You enter a dimly lit room. As you cross the threshold, you’re handed a mobile device and directed to stand over a luminescent circle on the floor, facing the curved video screen taking up an entire wall. Colored lights stream down from overhead, dividing you and your fellow players into teams. After keying in your location to your controller, you’re ready to dive into a moderately massive multiplayer game. You’re ready for Eddie’s Social Committee.
Created by Edwin Schlossberg and ESI Design, Eddie’s Social Committee (ESC) is a platform for highly immersive multiplayer gaming that delivers social gaming writ large, synchronizing large screen gameplay with dynamic lighting and haptic feedback for a surround-sound experience. Souped-up iPod Touch controllers drive the experience, allowing players to tap, swipe, and tilt their avatars through a series of mini-games, with the room’s lighting programmed to literally shine a spotlight on each game’s top performers.
At the Philadelphia launch, I gave Robot Basketball, one of ESC’s nine launch titles, a try. In the game of virtual hoops, players take control of robots progressing along a track, scooping up basketballs liberally covering the screen. Tilting the mobile controller aims the robot, while tapping on the screen lets players shoot the ball at one of the game’s multiple hoops to score points. While it’s possible to play the game solo, passing the ball to teammates increases the points scored after a successful basket, making inter-team communication and coordination essential for success.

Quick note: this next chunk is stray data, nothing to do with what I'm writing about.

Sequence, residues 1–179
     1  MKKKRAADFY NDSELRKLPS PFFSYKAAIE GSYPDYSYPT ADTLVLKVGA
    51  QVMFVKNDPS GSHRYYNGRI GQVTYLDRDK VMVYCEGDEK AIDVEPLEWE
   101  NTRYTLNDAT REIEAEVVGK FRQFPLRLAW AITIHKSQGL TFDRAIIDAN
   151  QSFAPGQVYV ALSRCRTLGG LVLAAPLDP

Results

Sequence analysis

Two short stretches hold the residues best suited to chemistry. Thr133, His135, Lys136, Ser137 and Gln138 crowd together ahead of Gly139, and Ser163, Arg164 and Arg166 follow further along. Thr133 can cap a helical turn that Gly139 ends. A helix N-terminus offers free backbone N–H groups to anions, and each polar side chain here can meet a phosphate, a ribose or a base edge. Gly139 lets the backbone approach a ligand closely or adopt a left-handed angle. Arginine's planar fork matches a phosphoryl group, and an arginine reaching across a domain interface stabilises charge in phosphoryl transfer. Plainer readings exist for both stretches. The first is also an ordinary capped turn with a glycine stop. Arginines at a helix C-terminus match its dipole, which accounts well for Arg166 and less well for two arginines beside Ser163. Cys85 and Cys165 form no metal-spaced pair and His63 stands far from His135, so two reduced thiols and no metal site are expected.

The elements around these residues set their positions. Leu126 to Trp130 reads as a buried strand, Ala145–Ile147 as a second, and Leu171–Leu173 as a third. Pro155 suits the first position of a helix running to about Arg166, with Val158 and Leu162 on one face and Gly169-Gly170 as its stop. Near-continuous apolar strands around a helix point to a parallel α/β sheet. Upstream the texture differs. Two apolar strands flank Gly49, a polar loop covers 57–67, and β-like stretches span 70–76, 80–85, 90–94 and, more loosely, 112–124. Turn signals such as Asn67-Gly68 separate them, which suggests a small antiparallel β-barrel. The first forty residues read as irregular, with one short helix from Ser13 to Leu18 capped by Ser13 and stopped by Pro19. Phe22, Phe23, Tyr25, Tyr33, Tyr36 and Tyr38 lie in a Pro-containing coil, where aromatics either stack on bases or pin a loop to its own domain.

Eddie’s Social Committee is currently rolling out its pilot at Buffalo Wild Wings locations in the Philadelphia PA, Brookfield WI, and Riverside CA test markets. But it’s easy to imagine similar locations popping up at arcades and at larger conferences, as the immersive experience adds a sense of physical presence to multiplayer gaming that’s difficult to replicate in peoples’ homes. And while there are relatively few launch titles, the games are built out in Unity, which helps ease the learning curve for developers looking to enter the immersive arena. Astro Beams, another one of the platform’s launch titles, was developed in partnership with Warner Bros Games and Sarbakan. The developers of the 10-player arcade game Killer Queen are already working on their own take on how the ESC platform can be leveraged for future releases.
With consumer-grade electronics advancing far enough that virtual reality can be experienced in the comfort of your own home with relative ease, it’s refreshing to see developers craft destination-based experiences that force people to come together in one place, whether it be through outdoor games, augmented reality, or immersive experiences confined to a single room. Eddie’s Social Committee provides another option for destination gaming, and it will be fascinating to see how the platform evolves over time.
– Michael Andersen, Director, Strategy & Analysis